How to add a new variant in Figma after the update

Add a new variant

Variants have properties. No two variants can have the exact same property values, if they do, you’ll get an error message. By default the first variants you create will have one property, named “Property 1”, and its value will be “Default” for the very first variant, and “Variant 2” for the new variant. Let’s change this to something that makes more sense. Change “Property 1” to “Hover”, change “Default” to “False”, and “Variant 2” to “True”.

Change variant's property name and value

Now let’s change the looks of the “Hover=True” variant so that when we change to it we actually see a change. Select the “Hover=True” variant, add a fill to it, and give it any color you want your hover effect to be. We can change the text style as well.

How to add a hover variant in Figma

Now let’s select our instances and we can toggle the hover on and off. Everything is working fine, except I think we’ve discovered a bug. When the instance with the icon swapped changes to hover, the icon gets stuck with the hover color!

Toggle between your variants

Switch between your Figma variants

I’ve sent to Figma’s team about this bug, hopefully, it will be fixed.

To make this work in a prototype select the “Hover=False” component, press “Shift E” to switch to prototype settings, and connect it to the “Hover=True” variant, with a “While hovering” and “change to” connection.

Use interactive components to create a hover effect

To present the design and try out the prototype. Select the “Instances” frame, give it a fill, then press the present button.

Present your frame in Figma

Now you can hover above all the buttons and see the hover effect in action.

button hover prototype in Figma

Now let’s look at some of the other new Figma updates, that we didn’t cover in our example.

Auto Layout Negative Spacing

We’ve mentioned some changes to auto-layout while going through the previous example. We mentioned visual spacing and text baseline alignment, but the more impactful changes are negative spacing and relative positioning.

Auto-layout now allows negative spacing and this allows you to stack elements on top of each other. In an upcoming article, I’ll show you how I used it to create the example below.

Using the new auto-layout negative spacing to recreate Pinterest's pins stack

For now, just know that it’s there. And to use it just set the distance between elements to a negative number, and you can choose the order of the stack from the advanced auto-layout settings.

Figma's auto-layout negative spacing practical example

The order of the stack can be reversed, by going to “Advanced layout settings” and setting “Canvas stacking” to “First on top”.

Using canvas stacking in Figma

And here’s another bug. An element that is in a negative stack does not know the difference between hovering over it or over the element above it. I assume the same issue would be there with clicking as well. In the image below I hover above the unlock button, but in the common area between it and the Dev button and both buttons are showing the hover effect.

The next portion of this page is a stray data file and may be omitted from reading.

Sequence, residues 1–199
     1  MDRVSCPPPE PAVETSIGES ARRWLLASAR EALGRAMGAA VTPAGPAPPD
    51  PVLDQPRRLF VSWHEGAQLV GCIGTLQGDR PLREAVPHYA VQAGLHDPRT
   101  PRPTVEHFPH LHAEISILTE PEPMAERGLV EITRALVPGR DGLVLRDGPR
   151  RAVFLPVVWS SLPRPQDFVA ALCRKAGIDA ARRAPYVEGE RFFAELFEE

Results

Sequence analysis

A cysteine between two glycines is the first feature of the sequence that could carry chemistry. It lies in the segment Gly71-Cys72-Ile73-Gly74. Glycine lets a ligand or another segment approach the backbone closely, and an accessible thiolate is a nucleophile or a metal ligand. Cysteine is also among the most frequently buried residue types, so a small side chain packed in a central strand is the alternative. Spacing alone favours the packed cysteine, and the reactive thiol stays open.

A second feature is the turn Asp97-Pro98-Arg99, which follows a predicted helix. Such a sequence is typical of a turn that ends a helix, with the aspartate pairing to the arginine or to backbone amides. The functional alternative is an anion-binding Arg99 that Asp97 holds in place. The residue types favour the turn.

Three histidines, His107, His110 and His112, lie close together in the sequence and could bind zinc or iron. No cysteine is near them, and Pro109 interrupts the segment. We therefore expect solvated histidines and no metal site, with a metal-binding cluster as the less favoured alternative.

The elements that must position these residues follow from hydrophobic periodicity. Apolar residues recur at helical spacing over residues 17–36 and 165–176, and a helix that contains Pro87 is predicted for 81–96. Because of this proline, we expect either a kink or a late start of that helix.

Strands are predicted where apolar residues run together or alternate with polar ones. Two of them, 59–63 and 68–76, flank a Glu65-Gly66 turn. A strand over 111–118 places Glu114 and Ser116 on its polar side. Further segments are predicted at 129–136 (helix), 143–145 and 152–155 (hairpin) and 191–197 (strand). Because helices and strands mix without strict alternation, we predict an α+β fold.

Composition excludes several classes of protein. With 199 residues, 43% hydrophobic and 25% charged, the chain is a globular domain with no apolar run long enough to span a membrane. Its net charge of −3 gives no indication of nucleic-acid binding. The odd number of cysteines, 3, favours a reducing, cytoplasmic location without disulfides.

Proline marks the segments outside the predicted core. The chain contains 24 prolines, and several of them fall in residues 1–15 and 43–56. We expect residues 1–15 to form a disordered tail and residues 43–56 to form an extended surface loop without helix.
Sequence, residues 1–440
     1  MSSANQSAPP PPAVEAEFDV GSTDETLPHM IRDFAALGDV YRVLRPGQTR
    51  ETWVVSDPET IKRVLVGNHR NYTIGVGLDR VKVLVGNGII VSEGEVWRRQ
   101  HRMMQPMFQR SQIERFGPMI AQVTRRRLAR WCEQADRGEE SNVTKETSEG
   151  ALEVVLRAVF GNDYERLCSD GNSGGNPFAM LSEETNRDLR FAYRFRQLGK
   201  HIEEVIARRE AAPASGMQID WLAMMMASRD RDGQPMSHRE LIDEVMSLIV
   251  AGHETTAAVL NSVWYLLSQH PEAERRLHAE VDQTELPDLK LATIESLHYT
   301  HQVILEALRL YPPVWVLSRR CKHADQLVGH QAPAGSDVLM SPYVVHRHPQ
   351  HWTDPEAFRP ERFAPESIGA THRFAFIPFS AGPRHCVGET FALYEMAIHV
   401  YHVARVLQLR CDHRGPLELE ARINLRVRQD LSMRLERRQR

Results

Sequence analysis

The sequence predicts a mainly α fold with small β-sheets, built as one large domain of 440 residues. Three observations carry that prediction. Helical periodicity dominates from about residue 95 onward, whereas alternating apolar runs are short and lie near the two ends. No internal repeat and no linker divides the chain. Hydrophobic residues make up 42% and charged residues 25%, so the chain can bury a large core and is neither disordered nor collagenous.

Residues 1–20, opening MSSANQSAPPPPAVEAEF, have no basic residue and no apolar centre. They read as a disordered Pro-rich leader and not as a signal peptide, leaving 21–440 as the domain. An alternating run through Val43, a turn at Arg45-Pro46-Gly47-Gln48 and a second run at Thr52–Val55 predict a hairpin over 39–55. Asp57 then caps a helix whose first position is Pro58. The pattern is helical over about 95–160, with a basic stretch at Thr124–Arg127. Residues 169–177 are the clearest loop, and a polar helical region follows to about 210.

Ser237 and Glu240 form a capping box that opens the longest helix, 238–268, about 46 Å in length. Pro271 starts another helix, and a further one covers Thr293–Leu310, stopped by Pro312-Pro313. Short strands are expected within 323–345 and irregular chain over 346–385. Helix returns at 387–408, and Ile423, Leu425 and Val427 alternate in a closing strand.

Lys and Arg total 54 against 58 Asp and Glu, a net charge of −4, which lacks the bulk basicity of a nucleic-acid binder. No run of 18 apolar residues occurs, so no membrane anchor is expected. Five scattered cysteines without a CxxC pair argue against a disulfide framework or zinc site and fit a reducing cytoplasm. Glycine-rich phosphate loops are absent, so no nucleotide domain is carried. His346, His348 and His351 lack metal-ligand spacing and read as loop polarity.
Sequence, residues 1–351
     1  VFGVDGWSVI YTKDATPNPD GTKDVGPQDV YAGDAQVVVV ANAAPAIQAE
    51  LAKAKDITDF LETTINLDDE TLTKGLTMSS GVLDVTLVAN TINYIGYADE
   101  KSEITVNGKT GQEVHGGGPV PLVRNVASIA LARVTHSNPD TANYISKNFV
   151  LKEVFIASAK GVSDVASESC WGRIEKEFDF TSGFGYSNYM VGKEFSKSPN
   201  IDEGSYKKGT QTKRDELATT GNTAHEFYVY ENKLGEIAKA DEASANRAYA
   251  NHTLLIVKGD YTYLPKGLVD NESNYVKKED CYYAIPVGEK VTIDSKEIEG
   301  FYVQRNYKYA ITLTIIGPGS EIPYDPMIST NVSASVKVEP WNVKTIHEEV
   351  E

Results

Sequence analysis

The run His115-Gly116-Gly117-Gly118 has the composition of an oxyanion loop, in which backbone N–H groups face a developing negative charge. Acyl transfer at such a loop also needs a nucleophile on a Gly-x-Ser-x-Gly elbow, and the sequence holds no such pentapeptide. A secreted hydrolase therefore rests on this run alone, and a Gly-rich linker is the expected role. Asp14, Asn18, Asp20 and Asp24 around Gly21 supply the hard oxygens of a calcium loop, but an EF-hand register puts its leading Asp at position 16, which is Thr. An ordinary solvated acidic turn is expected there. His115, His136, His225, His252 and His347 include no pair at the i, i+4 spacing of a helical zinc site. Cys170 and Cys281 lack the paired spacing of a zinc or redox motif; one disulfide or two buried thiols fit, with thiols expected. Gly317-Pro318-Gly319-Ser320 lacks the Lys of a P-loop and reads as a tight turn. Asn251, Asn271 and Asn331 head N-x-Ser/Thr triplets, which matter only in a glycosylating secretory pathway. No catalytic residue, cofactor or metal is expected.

Discovered a Figma negative stacking bug

Spring Animation

Introduction to Spring Animations In Figma

Select one of your icons and add a variant to it. You can rename “Property 1” to “clicked”, and give it a value of “True” instead of “Variant 2”. Change the “clicked=Default” variant to “clicked=False”.

Add a new variant and name its property

Switch to prototype settings by pressing “Shift E”, and connect the “clicked=False” variant to “clicked=True”. Set the connection interaction to “on click” and “change to”. Change the instant animation to “smart animate”. Then select one of the preset spring animations (Gentle, Quick, Bouncy, or Slow) or make a custom one.

Set a spring animation in Figma

For an animation to actually happen there should be a difference between the 2 variants. So bump up the size of the second variant a bit, and let’s also change its color.

Change the size and color of the variant for the spring animation to take place

To present it make a new frame and add an instance of the “clicked=False” variant inside it, then present the frame and try it out.

present frame to check the spring animation

The icon will change to the larger size using a spring animation.

It would be nice if it would change back to its original size after a short delay. So, go back to the component, select the “clicked=True” icon variant, press “Shift E” to switch to prototype settings, and set an “After delay” of “800ms”, “change to”, “clicked=False” interaction to it.

Make a delayed animation in Figma

Present the frame and click try it one more time.

Present your design

Check the prototype it should change to clicked=True, then after a short delay, change back to clicked=False.

spring animation with a delay

Favoriting Files

The drafts folder will become a mess once you have a large number of files in there. There is no way to organize files. And it becomes more and more difficult to find older files as the number of files in your drafts folders grows. Finally, Figma added the ability to add files to a Favorites list, this is not enough to end the mess, but it’s a good first step.

You can add a file to the “Favorite files” list in the drafts folder by right-clicking it and selecting “Add to your favorites” or pressing on the star icon.

Add a file to your Favorites list in Figma's Drafts folder

You can also add a file to your Favorites while you’re inside the file.

add a file to Favorites

This is it. These are the updates I found most impactful and for a full official list check this page. You can also check the free Figma community file with the examples in this article.

You might want to check out this article: How to make a dropdown menu in Figma.